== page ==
IFRS 15 for the construction industry – Overview
04 June 2018
Entities in the construction industry have previously followed their own standard (IAS 11 Construction Contracts) that contained specific guidance for the recognition of revenue from construction contracts. This has now been replaced by a generic revenue standard called IFRS 15 Revenue from Contracts with Customers. The new revenue standard will likely bring about additional complexities for accountants who prepare financial reports for construction entities in addition to potentially changing the pattern of revenue recognition.
The new principle
The core principle in IFRS 15 is to recognise revenue in a way that reflects how the goods or services are provided to the customer. It contains a lot more specific and detailed guidance than the current IAS 18 Revenue and IAS 11 standards.
IFRS 15 focuses on the ‘promises’ made to the customer and requires greater separation of the components or ‘promises’ made in the contract. Revenue needs to be allocated to each ‘distinct’ performance obligation in proportion to the standalone selling prices of each ‘promise’.
When is it effective?
The standard is effective for accounting periods commencing on or after 1 January 2018 with early adoption permitted. For many entities in the construction sector there will be significant need for changes to processes and systems, including far greater liaison between those drafting sales contracts and the accountants that will need to ensure compliance with IFRS 15.
Implications for the construction industry
Due to the nature of construction contracts, the new IFRS 15 will likely introduce significant complexity to the accounting processes of construction companies. Typical construction contracts will contain several performance obligations that will be completed at various points in time. This will require accountants to assess whether goods or services are recognised at a point in time or over time, if these goods or services are distinct or need to be combined with other goods or services when recognising revenue, or if discounting needs to be performed in order to account for the time value of money in long-term contracts.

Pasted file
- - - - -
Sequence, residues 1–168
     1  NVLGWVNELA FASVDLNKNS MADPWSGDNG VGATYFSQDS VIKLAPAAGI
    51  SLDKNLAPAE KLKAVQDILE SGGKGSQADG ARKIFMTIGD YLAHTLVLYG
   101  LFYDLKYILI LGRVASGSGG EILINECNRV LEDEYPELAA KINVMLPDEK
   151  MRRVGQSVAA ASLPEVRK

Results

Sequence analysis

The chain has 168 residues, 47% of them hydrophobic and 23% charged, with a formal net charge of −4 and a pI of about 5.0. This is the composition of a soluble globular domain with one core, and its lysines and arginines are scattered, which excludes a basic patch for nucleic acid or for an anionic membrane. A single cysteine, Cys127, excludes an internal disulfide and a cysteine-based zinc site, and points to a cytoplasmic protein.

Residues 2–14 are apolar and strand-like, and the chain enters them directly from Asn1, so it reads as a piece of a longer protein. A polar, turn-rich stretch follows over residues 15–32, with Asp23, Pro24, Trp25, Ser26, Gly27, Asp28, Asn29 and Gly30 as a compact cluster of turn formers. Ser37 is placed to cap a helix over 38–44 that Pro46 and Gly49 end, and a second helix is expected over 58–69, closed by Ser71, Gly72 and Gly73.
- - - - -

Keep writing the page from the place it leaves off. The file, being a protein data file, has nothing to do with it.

The commercial effects
The adoption of IFRS 15 may lead to significant changes in the pattern of revenue and profit recognition. Careful consideration and planning will be needed for a wide range of issues, including the effect on:
- Compliance with bank covenants
- Performance-based compensation (including share-based payments)
- Internal budgeting processes
- Corporate tax obligations
- Market and investor communications, including compliance with regulatory requirements (which might arise from significant expected future changes to an entity’s reported financial position or performance).
||High Impact - The adoption of IFRS 15 will cause a potential change to the reported revenue in financial statements of construction companies and/or is likely to require changes to current processes and systems.
||Medium Impact - The adoption of IFRS 15 may cause a potential change to the reported revenue in financial statements of construction companies and/or may require changes to current processes and systems.
||Low Impact - The adoption of IFRS 15 will cause a minor or no change to the reported revenue or disclosures in financial statements of construction companies.
The table below summarises the issues in construction contracts that are expected to be most impacted due to the adoption of IFRS 15. These will be covered in articles released over the coming weeks:
The construction industry needs to pay attention to the new revenue standard now. We predict that the new standard will be extremely difficult to apply for the construction industry due to the complex nature of its contracts. It is far more complex than the current accounting standard, and can significantly alter the pattern of revenue recognition and pattern of profit for the construction industry. It will not just be a mere accounting change but will have wide spread implications to other business areas, e.g. significant IT systems changes will be required, sales contracts/terms may need to be modified, and marketing campaigns will need to be reconsidered. The impact on revenue will also have a flow on effect to bonuses, bank covenants, dividend payments, and corporate taxes.